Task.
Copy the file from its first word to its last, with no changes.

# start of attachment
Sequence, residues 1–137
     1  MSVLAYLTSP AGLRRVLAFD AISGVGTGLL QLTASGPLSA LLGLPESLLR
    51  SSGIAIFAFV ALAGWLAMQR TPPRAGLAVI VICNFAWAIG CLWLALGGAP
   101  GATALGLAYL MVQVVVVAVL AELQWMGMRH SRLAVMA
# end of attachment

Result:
Sequence, residues 1–137
     1  MSVLAYLTSP AGLRRVLAFD AISGVGTGLL QLTASGPLSA LLGLPESLLR
    51  SSGIAIFAFV ALAGWLAMQR TPPRAGLAVI VICNFAWAIG CLWLALGGAP
   101  GATALGLAYL MVQVVVVAVL AELQWMGMRH SRLAVMA